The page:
Employee Security a Major Issue for Businesses

One in three employees admitted to purchasing a SaaS application without IT’s knowledge--a 55 percent increase from last year’s report.

it security and sailpoint

A surprising disconnect exists between employees’ growing concern over the security of their personal information and their attitudes toward data security practices in the workplace, according to a SailPoint survey of 1,000 office workers at large organizations worldwide.

The survey found that 85 percent of employees would react negatively if their personal information was breached by a company, yet these same employees are exposing their employers to the same data breaches through negligence and poor password hygiene.

Additionally, the survey highlighted an ongoing challenge for IT and security professionals, revealing that more than a quarter (26 percent) of employees admitted to uploading sensitive information to cloud apps with the specific intent to share that data outside the company.

"As recent data breach headlines show, insider access continues to be one of the most common and volatile causes of sensitive corporate data exposure," Juliette Rizkallah, chief marketing officer for SailPoint, told eWEEK. "It’s important that organizations and their employees understand how each digital identity creates a trail of access and therefore exposure points."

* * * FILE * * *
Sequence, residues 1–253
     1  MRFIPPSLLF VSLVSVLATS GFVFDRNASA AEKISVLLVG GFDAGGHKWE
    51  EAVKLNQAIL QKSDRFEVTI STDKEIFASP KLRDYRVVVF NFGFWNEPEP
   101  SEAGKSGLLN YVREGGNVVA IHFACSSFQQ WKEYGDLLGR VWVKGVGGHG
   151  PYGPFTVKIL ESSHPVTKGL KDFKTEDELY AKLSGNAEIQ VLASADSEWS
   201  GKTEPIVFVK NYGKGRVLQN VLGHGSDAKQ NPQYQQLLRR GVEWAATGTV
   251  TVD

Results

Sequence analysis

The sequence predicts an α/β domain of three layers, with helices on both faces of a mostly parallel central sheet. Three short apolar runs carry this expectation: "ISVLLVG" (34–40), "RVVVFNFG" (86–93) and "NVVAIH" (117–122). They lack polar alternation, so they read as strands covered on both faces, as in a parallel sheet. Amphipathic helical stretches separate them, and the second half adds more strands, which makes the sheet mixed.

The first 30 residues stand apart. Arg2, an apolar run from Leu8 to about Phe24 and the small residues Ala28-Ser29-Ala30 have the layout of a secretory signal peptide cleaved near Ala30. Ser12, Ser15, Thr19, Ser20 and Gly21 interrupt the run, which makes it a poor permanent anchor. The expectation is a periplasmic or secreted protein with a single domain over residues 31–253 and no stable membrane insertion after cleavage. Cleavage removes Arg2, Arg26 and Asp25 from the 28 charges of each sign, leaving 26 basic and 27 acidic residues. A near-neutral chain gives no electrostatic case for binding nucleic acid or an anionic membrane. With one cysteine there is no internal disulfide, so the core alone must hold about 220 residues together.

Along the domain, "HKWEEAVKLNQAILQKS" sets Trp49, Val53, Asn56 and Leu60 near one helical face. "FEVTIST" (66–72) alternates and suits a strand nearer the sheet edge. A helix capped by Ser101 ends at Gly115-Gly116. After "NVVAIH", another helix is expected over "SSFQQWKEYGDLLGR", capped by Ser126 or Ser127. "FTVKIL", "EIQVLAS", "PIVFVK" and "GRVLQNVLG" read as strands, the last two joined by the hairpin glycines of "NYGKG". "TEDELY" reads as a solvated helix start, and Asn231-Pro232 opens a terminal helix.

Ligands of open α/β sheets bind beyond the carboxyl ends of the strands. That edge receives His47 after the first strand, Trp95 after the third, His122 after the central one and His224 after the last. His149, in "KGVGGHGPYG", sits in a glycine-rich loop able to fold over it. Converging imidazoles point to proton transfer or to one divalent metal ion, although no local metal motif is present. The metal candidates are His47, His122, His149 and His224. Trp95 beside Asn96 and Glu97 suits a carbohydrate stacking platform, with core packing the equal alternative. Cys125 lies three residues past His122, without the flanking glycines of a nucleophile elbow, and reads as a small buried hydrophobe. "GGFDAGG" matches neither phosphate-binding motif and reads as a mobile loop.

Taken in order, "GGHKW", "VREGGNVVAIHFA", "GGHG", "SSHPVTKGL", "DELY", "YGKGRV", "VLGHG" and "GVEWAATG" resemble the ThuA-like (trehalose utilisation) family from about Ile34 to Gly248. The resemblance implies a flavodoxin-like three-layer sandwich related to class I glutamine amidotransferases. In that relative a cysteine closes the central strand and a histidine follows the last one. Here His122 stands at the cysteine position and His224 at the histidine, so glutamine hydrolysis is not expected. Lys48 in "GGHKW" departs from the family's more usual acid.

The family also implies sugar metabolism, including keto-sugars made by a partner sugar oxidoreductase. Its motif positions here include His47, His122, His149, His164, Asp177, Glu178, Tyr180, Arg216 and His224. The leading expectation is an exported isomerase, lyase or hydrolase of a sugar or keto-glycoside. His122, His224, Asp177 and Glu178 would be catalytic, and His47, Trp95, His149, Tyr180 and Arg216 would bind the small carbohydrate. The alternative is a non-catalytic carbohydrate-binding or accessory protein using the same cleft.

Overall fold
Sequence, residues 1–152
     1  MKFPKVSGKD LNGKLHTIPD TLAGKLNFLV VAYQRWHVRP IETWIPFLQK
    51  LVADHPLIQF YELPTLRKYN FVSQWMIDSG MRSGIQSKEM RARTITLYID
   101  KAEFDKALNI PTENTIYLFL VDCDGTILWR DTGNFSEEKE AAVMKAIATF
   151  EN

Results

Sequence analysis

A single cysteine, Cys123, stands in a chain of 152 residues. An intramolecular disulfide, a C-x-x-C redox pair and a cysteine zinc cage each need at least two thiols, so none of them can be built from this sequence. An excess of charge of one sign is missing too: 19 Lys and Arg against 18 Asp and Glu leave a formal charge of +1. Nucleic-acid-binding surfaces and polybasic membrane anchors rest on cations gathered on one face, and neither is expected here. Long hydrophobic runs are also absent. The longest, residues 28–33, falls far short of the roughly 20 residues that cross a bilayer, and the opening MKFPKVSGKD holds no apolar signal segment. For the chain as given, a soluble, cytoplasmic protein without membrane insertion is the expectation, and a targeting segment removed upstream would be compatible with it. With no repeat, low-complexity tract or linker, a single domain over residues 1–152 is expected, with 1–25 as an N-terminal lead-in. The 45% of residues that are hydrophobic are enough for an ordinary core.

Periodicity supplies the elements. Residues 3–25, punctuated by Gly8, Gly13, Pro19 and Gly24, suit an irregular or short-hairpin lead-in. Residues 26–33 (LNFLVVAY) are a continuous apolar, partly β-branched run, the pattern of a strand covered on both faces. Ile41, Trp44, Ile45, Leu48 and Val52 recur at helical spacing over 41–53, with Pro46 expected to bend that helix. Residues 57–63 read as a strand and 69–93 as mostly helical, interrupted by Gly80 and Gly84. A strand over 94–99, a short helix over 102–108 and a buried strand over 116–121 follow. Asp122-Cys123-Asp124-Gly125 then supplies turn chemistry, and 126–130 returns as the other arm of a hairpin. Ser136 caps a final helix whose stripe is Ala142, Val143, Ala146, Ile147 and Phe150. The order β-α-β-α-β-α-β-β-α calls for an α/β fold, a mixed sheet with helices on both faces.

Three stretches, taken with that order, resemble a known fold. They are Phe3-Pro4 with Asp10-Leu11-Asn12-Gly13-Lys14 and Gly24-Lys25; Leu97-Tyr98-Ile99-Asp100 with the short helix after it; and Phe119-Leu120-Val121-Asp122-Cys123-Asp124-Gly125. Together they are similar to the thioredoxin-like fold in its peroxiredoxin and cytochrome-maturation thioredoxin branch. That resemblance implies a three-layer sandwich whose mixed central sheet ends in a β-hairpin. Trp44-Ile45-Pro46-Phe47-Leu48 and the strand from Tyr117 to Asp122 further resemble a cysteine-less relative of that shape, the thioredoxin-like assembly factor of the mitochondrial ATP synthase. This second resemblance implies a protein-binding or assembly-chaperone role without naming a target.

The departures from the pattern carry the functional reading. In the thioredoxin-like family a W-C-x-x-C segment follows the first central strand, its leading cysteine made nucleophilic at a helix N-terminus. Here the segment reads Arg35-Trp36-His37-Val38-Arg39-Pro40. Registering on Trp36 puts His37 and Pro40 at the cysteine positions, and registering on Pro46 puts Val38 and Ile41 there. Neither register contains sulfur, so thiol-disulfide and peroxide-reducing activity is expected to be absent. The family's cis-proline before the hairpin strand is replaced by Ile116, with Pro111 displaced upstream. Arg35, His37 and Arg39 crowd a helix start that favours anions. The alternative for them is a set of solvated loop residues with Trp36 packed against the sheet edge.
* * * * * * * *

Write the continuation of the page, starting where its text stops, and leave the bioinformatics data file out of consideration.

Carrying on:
She noted a single identity could have thousands of access privileges across hundreds of applications and systems, with most applications requiring multiple levels of privileges to dictate what can be done with that access.

"This is why it’s critical that organizations have automated IT controls in place to govern that access according to the company’s policy," she said. "At the same time, ongoing employee education must take place to help them understand the role they play in protecting data."

Worryingly, one in five employees said they would sell their passwords to an outsider, and of those who would sell their passwords, 44 percent would do so for less than $1,000--up from one in seven who would sell a password a year ago, according to the report.

The majority of respondents (65 percent) admitted to using a single password among applications, and one-third share passwords with their co-workers.

In addition, one in three employees admitted to purchasing a SaaS application without IT’s knowledge--a 55 percent increase from last year’s report.

Perhaps even more alarming, more than 40 percent of respondents reported having access to a variety of corporate accounts after leaving their last job.

"The sheer volume of exposure points for a breach each individual identity has is single-handedly the largest employee-related threat to any company of any size," Rizkallah said. "Think of every password you have, every application you use, every drive you access – inside and outside the workplace – that grants you access to company data."

She explained each and every one of these constitute your digital identity and create another potential entry point for a breach, and even if the employee is well-meaning, their identity is being targeted by sophisticated hackers.